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Lear. How !
Mak’st thou this shame thy pastime?
Kent.

No, my lord. Fool. Ha, ha; look! he wears cruel garters ! Horses are tied by the heads; dogs, and bears, by the neck; monkies by the loins, and men by the legs : when a man is over-lusty at legs, then he wears wooden netherstocks.

Lear. What's he, that hath so much thy place mistook To set thee here? Kent.

It is both he and she.
Your son and daughter.

Lear. No.
Kent. Yes.
Lear. No, I say.
Kent. I say, yea.
Lear. No, no; they would not.
Kent. Yes, they have.
Lear. By Jupiter, I swear, no.
Kent. By Juno, I swear, ay.

Lear. They durst not do't;
They could not, would not do't ; 'tis worse than murder,
To do upon respect such violent outrage :
Resolve me, with all modest haste, which way
Thou might'st deserve, or they impose, this usage,
Coming from us.
Kent.

My lord, when at their home,
I did commend your highness' letters to them,
Ere I was risen from the place that show'd
My duty kneeling, came there a reeking post,
Stew'd in his haste, half breathless, panting forth
From Goneril his mistress, salutations ;
Deliver'd letters, spite of intermission,
Which presently they read: on whose contents,

cruel garters !] Probably a quibble was here intended. Crewel signifies worsted, of which stockings, garters, night-caps, &c. are made.-STEEVENS.

2- nether-stocks.] The old word for stockings.—STEEVENS.

a To do upon respect such violent outrage:) i. e. To violate the venerable character of a messenger from the king.-Johnson.

b— spite of intermission,] i. e. Without pause, wthout suffering time to interrene. -STEEVENS.

They summon'd up their meiny,' straight took horse;
Commanded me to follow, and attend
The leisure of their answer; gave me cold looks:
And meeting here the other messenger,
Whose welcome, I perceiv’d, had poison'd mine,
(Being the very fellow that of late
Display'd so saucily against your highness,)
Having more man than wit about me, drew;
He rais’d the house with loud and coward cries :
Your son and daughter found this trespass worth
The shame which here it suffers.
Fool. Winter's not gone yet, if the wild-geese fly that

way.
Fathers, that wear rags,

Do make their children blind;
But fathers, that bear bags,

Shall see their children kind.
Fortune, that arrant whore,

Ne'er turns the key to the poor.But, for all this, thou shalt have as many doloursd for thy daughters, as thou can'st tell in a year.

Lear. O, how this mother swells up toward my heart !
Hysterica passio! down, thou climbing sorrow,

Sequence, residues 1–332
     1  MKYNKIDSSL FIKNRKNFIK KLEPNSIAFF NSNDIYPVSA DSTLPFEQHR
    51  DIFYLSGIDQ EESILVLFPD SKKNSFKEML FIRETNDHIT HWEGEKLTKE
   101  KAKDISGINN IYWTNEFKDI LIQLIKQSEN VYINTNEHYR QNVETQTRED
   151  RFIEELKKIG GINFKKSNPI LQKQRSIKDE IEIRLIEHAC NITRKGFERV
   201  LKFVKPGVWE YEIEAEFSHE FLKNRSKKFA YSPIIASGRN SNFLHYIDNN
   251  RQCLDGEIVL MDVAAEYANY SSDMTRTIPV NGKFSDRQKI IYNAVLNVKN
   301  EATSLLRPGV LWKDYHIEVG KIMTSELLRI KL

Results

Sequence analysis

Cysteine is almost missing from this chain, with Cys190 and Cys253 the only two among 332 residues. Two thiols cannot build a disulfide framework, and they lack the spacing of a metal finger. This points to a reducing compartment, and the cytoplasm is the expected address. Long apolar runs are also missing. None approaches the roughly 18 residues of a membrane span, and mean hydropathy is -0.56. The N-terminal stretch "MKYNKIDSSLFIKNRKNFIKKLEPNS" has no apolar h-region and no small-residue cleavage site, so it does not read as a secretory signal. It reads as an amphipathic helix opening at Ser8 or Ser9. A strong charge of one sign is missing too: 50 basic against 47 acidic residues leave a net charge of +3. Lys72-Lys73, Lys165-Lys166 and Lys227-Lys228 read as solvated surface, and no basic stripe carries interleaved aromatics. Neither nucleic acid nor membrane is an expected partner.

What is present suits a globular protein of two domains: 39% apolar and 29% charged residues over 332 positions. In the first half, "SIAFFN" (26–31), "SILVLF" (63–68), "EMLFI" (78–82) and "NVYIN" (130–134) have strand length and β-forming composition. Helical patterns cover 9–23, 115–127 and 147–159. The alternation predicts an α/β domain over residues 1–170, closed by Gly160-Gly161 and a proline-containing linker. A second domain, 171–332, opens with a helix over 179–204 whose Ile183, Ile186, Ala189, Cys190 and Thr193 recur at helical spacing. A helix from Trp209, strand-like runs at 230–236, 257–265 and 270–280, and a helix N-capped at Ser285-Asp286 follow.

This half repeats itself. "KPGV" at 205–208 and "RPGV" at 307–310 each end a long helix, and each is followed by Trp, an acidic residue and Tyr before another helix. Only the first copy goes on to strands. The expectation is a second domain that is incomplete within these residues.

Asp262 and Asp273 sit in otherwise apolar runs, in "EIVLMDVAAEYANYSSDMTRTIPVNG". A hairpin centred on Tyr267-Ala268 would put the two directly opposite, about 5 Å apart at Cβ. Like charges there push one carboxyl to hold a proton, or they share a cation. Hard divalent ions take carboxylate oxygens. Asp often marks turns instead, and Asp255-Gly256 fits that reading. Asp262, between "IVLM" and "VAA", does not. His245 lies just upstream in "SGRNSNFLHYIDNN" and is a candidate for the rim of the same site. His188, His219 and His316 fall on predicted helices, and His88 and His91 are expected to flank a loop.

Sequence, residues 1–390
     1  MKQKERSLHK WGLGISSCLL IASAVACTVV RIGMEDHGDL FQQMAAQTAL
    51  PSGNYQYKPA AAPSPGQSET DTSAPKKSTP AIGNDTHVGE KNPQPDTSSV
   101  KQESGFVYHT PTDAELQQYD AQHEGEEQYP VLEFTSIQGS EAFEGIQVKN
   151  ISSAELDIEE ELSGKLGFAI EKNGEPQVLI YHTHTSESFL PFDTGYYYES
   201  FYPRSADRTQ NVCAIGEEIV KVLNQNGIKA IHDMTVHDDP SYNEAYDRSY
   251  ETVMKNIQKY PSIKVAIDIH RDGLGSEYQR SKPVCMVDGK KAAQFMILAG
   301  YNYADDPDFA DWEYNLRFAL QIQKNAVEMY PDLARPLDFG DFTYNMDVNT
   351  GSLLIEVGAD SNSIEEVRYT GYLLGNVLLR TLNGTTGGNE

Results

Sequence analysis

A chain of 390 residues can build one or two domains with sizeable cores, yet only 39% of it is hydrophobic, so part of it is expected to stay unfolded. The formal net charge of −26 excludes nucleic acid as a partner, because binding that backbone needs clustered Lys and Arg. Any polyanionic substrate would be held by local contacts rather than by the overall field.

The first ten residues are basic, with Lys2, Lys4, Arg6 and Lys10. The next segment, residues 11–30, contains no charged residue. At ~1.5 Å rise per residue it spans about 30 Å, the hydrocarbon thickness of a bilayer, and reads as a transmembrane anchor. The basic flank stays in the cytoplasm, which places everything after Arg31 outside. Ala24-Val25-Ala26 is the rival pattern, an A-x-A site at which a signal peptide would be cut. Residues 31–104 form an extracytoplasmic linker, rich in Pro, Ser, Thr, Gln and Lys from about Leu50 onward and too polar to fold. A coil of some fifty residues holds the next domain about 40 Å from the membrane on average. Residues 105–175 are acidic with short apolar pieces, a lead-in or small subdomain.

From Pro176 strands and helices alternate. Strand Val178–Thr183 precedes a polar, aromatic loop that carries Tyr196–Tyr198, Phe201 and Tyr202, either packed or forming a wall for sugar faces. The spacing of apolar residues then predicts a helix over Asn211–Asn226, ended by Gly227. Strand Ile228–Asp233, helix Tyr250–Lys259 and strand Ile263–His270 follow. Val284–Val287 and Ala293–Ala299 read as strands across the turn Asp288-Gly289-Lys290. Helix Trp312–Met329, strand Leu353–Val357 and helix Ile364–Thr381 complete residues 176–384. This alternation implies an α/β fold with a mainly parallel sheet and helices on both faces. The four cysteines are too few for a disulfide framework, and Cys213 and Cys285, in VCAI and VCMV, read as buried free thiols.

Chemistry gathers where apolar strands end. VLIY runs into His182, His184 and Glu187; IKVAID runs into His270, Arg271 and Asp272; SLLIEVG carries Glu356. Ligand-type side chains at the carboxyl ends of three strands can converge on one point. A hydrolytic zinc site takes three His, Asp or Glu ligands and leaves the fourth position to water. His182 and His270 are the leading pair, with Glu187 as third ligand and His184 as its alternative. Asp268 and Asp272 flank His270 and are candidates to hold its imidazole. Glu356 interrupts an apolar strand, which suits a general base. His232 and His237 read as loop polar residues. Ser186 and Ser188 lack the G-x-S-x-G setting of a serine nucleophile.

Thy elements below!-Where is this daughter?

Kent. With the earl, sir, here within.
Lear.

Follow me not; Stay here.

[Exit. Gent. Made you no more offence than what you

speak of? Kent. None. How chance the king comes with so small a train ?

Fool. An thou hadst been set i'the stocks for that question, thou hadst well deserved it.

Kent. Why, fool?

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- meiny,] i. e. Family. Mesnie, Fr.

dolours ] Quibble between dolours and dollars.—Hanmer. € 0, how this mother, &c.] Lear here affects to pass off the swelling of his heart ready to burst with grief and indignation, for the disease called the Mother, or Hysterica passio, which, in our author's time, was not thought pecu. liar to women only.-Percy.

Fool. We'll set thee to school to an ant, to teach thee there's no labouring in the winter. All that follow their noses are led by their eyes, but blind men; and there's not a nose among twenty, but can smell him that's stinking. Let go thy hold, when a great wheel runs down a hill, lest it break thy neck with following it; but the great one that goes up the hill, let him draw thee after. When a wise man gives thee better counsel, give me mine again; I would have none but knaves follow it, since a fool gives it.

That, sir, which serves and seeks for gain,

And follows but for form,
Will pack, when it begins to rain,

And leave thee in the storm.
But I will tarry; the fool will stay,

And let the wise man fly:
The knave turns fool, that runs away ;

The fool no knave, perdy.'
Kent. Where learn'd you this, fool?
Fool. Not i'the stocks, fool.

Re-enter LEAR, with Gloster.
Lear. Deny to speak with me? They are sick ? they

are weary?
They have travell’d hard to-night? Mere fetches;
The images of revolt and flying off!
Fetch me a better answer.